For PCR amplification, 15 μl of concentrated PCR mix (1.33X) containing 0.75 units o Taq polymerase, a vector primer and one or both of the gene specific primers used for the extension reaction were added to each well. Amplification was performed using the following conditions: Step 1 94° C for 60 sec

Step 2 94° C for 20 sec

Step 3 55° C for 30 sec

Step 4 72° C for 90 sec

Step 5 Repeat steps 2-4 for an additional 29 times Step 6 72° C for 180 sec

Step 7 4° C (and holding)

Aliquots of the PCR reactions were run on agarose gels together with molecular weight markers. The sizes of the PCR products were compared to the original partial cDNAs, and appropriate clones were selected, ligated into plasmid and sequenced. The cDNA (SEQ ID NO:1) and amino acid (SEQ ID NO:2) sequences for human CALR are shown in Figures 1A-C. Incyte's calr produced a BLAST score of 412 when compared with the C5a receptor sequence and has a probability of 1.8-50 that the sequence similarity occurred by chance. This calr homolog also resembles various N-formyipeptide receptors generating BLAS scores ranging from 381 to 363 with probabilities of 7.4-46 to 3.2-43. When the translation of CALR was searched against protein databases such as SwissProt and PIR, no exact matches were found. Fig 2 shows the comparison of the human calr sequence with that of the dog C5a receptor CFOMC5AM. VI Antisense analysis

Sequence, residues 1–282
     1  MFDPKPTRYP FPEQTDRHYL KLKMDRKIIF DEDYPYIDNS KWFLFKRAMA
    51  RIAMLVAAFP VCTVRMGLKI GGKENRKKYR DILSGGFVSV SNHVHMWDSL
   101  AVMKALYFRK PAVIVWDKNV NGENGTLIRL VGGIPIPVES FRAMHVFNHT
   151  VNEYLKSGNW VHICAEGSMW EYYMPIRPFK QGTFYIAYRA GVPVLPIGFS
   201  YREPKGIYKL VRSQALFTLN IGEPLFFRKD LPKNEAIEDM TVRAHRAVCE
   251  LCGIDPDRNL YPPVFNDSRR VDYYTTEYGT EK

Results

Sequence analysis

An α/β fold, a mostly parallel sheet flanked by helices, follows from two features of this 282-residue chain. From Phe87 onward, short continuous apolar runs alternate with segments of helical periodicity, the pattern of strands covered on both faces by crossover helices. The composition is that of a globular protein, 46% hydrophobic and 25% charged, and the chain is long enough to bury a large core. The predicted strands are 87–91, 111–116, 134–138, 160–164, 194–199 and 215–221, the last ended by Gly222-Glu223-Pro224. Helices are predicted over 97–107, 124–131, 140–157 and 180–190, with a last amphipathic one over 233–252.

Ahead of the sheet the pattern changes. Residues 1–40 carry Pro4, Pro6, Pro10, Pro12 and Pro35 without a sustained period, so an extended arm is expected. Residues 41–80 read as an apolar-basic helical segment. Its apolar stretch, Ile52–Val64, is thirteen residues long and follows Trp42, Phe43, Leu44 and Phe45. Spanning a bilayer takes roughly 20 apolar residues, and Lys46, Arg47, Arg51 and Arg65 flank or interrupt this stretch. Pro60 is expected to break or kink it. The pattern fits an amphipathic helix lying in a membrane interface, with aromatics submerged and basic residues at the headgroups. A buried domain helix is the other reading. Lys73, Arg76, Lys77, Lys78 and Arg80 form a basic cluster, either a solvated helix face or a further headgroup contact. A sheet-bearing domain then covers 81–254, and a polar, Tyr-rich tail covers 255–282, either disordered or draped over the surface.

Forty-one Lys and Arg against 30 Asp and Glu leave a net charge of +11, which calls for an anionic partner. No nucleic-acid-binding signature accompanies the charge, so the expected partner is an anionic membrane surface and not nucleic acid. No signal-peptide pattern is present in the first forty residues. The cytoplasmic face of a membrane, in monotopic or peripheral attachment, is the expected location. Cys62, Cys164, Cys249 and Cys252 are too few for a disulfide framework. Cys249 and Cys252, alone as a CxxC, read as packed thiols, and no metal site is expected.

Knowledge of the correct, complete cDNA sequence of CALR enables its use as a tool for antisense technology in the investigation of gene function. Oligonucleotides, cDNA or genomic fragments comprising the antisense strand of calr are used either in vitro or in vivo to inhibi expression of the mRNA. Such technology is now well known in the art, and antisense molecule are designed at various locations along the nucleotide sequences. By treatment of cells or whol test animals with such antisense sequences, the gene of interest can be effectively turned off. Frequently, the function of the gene is ascertained by observing behavior at the intracellular, cellular, tissue or organismal level (eg, lethality, loss of differentiated function, changes in morphology, etc.).

In addition to using sequences constructed to interrupt transcription of a particular op reading frame, modifications of gene expression are obtained by designing antisense sequences intron regions, promoter/enhancer elements, or even to trans-acting regulatory genes.

Similarly, inhibition is achieved using Hogeboom base-pairing methodology, also known as "triple helix" base pairing. V I I Expression of CALR